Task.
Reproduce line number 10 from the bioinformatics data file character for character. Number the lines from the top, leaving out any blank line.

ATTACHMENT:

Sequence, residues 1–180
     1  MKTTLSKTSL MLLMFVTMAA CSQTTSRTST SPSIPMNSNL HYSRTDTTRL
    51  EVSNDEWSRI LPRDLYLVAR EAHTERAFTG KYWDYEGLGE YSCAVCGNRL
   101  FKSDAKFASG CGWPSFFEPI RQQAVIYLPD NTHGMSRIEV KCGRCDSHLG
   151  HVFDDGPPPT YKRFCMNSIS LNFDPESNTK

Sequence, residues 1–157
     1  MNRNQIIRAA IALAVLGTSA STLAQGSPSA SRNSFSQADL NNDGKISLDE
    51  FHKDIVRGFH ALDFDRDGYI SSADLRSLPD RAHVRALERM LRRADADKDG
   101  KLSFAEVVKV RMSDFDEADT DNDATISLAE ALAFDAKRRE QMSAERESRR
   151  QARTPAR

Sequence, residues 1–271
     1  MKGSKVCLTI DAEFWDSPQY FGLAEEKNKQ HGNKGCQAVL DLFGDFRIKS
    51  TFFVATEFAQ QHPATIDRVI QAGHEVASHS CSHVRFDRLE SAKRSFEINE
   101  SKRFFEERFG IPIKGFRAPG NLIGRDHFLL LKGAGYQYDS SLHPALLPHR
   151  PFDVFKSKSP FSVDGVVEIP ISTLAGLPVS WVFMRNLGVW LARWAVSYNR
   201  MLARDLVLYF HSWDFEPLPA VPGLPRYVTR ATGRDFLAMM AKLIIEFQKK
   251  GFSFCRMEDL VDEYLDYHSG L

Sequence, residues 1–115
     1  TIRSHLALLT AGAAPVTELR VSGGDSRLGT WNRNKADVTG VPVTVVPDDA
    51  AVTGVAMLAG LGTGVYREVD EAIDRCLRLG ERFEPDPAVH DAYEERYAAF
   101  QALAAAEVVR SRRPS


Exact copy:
   151  QARTPAR